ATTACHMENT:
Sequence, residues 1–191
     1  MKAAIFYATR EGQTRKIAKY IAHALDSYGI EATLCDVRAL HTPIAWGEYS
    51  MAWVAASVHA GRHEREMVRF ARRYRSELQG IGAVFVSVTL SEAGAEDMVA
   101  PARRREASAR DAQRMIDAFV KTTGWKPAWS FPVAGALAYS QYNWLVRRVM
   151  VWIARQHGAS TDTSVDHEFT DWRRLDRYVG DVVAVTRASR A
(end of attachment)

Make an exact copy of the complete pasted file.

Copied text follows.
Sequence, residues 1–191
     1  MKAAIFYATR EGQTRKIAKY IAHALDSYGI EATLCDVRAL HTPIAWGEYS
    51  MAWVAASVHA GRHEREMVRF ARRYRSELQG IGAVFVSVTL SEAGAEDMVA
   101  PARRREASAR DAQRMIDAFV KTTGWKPAWS FPVAGALAYS QYNWLVRRVM
   151  VWIARQHGAS TDTSVDHEFT DWRRLDRYVG DVVAVTRASR A